Bond basics

In his latest video tutorial, MoneyWeek’s deputy editor Tim Bennett explains the basics of bonds – what they are and how they work.

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A bond is a type of IOU issued by a government, local authority or company to raise money. If, for example, a company wants to borrow money for ten years at a time when investors expect a 5% yield, it must offer a £5-a-year interest for every £100 until the bond matures (this payment is known as the coupon). However, expected yields are constantly changing. If interest rates rise to 10%, a new investor won’t be willing to pay £100 for an annual return of £5 when he can get £10 elsewhere.

He will expect a minimum 10% on his initial outlay, so the price of the bond will have to fall to £50 to reflect that. So, at a time when interest rates are going up, bond investors are seeing the value of their asset drop. On the other hand, if interest rates fall, a bond’s price will rise.

• Entry from MoneyWeek’s Financial glossary.

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In this video, Ed Bowsher explains how to calculate a company’s profit margin, why it is the best way to evaluate profitability, and how you can use it when analysing a company.

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  • Pinkers Post

    No. It’s in terminal decline. It was revealed, today, that Aldi is now catching up with Waitrose. This is not a surprise. Aldi has moved upmarket but at the same time retaining its ‘discount’ format – very clever.

    As for Tesco, a lost cause: Suffering from a serious identity crisis, only a few days ago Tesco added ‘property developer’ to its ever expanding portfolio. Nobody knows what this company stands for or, indeed, what it IS! Supermarket? Restaurant (Giraffe!)?, coffee shop chain (Harris & Hoole)?, tech retailer (Huddle), insurance company?, bank? and so the list goes on… Clarke clearly didn’t get it: the old-style Leahy conglomerate is not the future, it’s history. Retail analysts pressing for a price war, too, don’t seem to get the message. Slashing prices and reducing profit margins is not the answer; it will only provide a short-term blip in the landscape. Radical action is needed: Break it up! And Clarke clearly was not up to the job. He was panicking, pursuing a ‘strategy’ which is well past its USE-BY (as opposed to SELL-BY) date. To top it all, Cantor recently upgraded Tesco from SELL to BUY, arguing it is now undervalued. Tesco is not undervalued. If anything, it’s overvalued. Ignore it at your peril, but a stock is cheap for a reason. And it could become cheaper still… only to turn out to be very expensive, indeed! Entry ‘Cleared OUT!’ 21 July 2014 (pls scroll down):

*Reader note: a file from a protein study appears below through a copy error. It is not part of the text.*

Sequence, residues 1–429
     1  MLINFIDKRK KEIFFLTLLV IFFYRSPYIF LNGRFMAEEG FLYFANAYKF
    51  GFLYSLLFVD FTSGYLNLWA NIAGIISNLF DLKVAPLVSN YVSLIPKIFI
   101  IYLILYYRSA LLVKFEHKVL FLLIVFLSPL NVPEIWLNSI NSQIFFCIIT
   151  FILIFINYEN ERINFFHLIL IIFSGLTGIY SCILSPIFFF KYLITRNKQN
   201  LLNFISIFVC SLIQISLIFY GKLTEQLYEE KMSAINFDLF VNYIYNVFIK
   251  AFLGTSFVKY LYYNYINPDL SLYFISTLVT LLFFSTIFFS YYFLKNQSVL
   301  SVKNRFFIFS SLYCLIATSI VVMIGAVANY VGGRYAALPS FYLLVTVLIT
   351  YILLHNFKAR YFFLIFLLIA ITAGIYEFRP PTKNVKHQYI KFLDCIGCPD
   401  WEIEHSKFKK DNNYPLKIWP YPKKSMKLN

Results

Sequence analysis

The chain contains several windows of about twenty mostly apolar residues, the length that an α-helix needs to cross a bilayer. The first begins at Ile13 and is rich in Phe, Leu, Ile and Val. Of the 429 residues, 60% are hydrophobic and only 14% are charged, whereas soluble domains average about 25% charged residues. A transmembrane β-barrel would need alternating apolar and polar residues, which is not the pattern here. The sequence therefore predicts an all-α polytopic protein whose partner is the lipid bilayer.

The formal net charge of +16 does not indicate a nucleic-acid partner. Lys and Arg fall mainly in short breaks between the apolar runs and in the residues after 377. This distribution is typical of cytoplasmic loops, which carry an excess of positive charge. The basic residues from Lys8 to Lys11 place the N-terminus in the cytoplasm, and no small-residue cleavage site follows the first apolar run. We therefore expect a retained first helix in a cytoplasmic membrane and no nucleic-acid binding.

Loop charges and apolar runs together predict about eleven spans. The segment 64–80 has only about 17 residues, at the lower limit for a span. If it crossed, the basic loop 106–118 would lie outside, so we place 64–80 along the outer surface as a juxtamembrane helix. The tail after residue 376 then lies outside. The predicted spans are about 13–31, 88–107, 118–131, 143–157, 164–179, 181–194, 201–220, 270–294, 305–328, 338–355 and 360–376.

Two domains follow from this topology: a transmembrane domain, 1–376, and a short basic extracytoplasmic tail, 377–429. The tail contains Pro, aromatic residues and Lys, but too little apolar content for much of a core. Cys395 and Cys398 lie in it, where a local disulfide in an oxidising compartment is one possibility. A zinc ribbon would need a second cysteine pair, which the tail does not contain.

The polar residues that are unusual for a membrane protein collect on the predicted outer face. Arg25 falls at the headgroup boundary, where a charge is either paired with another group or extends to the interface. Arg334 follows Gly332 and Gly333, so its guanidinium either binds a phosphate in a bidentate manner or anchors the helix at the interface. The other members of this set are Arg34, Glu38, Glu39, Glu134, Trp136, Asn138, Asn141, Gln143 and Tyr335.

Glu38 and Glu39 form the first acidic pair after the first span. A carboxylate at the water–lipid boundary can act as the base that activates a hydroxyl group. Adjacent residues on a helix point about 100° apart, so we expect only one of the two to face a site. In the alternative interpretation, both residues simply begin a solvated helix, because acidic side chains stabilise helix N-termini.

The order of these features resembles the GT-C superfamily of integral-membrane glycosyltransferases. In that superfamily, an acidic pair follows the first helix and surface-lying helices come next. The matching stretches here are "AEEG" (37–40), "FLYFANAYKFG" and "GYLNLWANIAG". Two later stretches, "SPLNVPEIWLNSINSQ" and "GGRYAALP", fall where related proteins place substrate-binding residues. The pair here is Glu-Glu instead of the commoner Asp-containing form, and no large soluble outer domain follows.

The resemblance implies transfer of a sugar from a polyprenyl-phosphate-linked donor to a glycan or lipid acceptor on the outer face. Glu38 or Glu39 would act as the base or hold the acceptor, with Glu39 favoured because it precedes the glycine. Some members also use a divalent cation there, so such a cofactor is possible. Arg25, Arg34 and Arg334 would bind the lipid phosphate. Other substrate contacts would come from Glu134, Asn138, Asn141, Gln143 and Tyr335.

• fandangle

    What really worries me is when I read that 75% of Tesco branches are outside the UK but 75% of profits come from the UK. This suggests to me that Tesco have been short changing the UK consumer for a long time while at the same time making a mess of their overseas investments. Vulnerable then on two counts. I’m staying well away !

  • dibahl

    Nice video.Would it be possible for you to post some videos on how different sector like banking, insurance, oil etc. works and what an investor should look for in these companies?

    Also a video on what companies spin off?